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Sunday, April 30, 2017

These Are Days

Friday, April 28th
By the numbers:

160 hours of classroom instruction
About 3500 textbook pages read
About 560 hours spent studying & researching
About 175 hours spent writing papers
About 20 hours spent on group projects

Yes, the education part of my graduate degree is finished.  My only remaining requirement for graduation is to pass an industry examination, which I'll do in the Fall.  

Relieved?  Not sure, mostly at the moment I am rather numb.  My final act as a graduate student was a final exam for an HR Metrics and Statistical Research class.  It was probably the most difficult exam I've taken in the program, and I think I probably did a bit better than average.  Heck, basically I would take just about any grade at this point, as I'm pretty darn spent.

Looking back, well, it's been a long road.  See above.  I'm not sure I would do it all over again, and I know for a fact that my formal college education is now over with, as I simply don't have this kind of effort left in me.  It feels rather like I've taken a turn, and now I need to focus on some other things.

If there is one regret in all of this, well, it would be that I wish my Mom would have been alive to see this day come.  As I've noted in prior postings, my mother was a tough human being, and while expressing (positive) emotions was not her forte, I knew for a fact that she was proud when two of her sons graduated from college.  She was, without a doubt, the best-educated person I've ever met who didn't have a college degree.  When she was alive I had talked to her about going back to school, and her comment was always "well, what's stopping you?", usually though including a foul word or two in the mix, just for emphasis.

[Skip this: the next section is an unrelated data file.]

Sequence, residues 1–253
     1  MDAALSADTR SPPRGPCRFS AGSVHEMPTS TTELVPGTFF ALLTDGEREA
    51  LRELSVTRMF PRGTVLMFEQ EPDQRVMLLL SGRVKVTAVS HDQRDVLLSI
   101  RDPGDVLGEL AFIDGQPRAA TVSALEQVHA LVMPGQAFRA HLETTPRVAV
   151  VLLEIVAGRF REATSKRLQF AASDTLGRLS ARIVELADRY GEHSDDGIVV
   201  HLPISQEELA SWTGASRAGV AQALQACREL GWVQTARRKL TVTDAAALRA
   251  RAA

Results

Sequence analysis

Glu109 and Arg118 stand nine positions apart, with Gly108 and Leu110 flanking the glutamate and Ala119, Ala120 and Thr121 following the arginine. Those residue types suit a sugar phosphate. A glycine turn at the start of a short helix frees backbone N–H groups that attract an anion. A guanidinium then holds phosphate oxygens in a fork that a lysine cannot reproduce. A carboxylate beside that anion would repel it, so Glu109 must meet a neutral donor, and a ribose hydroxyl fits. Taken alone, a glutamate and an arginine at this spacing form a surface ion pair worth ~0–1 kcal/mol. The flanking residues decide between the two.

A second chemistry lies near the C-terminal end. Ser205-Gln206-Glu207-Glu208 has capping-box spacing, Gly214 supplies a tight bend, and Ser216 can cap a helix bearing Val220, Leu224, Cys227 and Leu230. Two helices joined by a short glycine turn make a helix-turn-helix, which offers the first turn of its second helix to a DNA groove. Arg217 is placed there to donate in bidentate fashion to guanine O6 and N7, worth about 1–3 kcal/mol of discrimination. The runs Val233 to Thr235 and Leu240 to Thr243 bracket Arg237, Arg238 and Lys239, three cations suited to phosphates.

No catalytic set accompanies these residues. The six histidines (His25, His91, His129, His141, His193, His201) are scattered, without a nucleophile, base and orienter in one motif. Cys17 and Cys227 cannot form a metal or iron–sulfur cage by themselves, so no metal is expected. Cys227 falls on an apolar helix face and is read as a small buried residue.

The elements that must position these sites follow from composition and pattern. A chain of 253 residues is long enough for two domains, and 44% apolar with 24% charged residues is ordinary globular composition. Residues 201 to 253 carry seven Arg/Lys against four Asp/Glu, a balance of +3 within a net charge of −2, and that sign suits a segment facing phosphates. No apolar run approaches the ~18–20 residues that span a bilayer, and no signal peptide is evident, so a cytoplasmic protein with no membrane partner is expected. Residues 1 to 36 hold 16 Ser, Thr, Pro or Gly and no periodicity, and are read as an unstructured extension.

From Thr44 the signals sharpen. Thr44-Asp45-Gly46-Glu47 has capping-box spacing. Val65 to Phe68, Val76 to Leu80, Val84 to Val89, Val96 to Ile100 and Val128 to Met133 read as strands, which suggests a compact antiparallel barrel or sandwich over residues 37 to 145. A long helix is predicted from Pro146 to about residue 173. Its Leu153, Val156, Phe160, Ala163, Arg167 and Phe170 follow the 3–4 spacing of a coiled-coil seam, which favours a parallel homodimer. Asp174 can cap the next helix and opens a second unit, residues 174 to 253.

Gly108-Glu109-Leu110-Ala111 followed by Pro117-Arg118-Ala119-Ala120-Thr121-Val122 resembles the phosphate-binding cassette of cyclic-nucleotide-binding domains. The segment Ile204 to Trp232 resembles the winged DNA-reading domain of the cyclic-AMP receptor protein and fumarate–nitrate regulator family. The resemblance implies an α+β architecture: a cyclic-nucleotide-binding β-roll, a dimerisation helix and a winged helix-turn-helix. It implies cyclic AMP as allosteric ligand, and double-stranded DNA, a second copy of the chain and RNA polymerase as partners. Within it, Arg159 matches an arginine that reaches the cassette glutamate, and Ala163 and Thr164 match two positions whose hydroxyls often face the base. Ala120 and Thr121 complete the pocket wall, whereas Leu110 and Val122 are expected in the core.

(1986:  My Penn State undergraduate degree graduation)

I Did It Mom!

Very few things in life are achieved without the help of others, and that's especially true of this particular milestone.  

First and foremost on my list of people to thank is my wife, who has been just incredibly supportive of my continuing education, going back to when I first started seriously thinking about it in 2012.  She has also been my fearless editor, literally reading hundreds of pages of academic stuff I've produced over the years.  

Secondly, thank you to all those who have offered words of encouragement and support, including co-workers (at two different employers), many of my managers who took an interest in my professional development, and my daughters who were always encouraging me, even when I felt like a complete looser as I struggled to master APA. formatting.  All have given me mental booster shots that always seemed to come at precisely the right time.

Finally, thank you to my classmates and instructors in the Villanova University Graduate HRD program.  Formal learning aside, just the experience of meeting and working with so many talented and diverse fellow Human Resources professionals has enriched me significantly.  The degree itself is just an added bonus.

* * * * * *

Sunday, April 30th
Rubber band.

Yesterday and today have been what I'll call the "rubber band" days, namely that time when, after you achieve something important, you have this kind of spent, empty, vacant feeling.  I have had these from time to time in my life.  This is, by the way, a great testimony to how my mind was programmed to work for so many years.  I'm using the past tense in that last sentence, more so out of hope that I'm slowly but surely evolving to a better state, likely reaching a point where I can genuinely celebrate a success, probably a year or so before I leave this life (which hopefully won't be for a very long time to come).

Anyway, part of the rubber band feeling, I'm sure, stems from a kind in incessant wanderlust to aways be doing something important.  That's all the more remarkable given the fact that I have a mental list many rows long of the things I promised myself I'd do once I was finished with school.  You would think I would feel some sense of satisfaction knowing that I can begin to tackle that list, but alas, the feeling escapes me.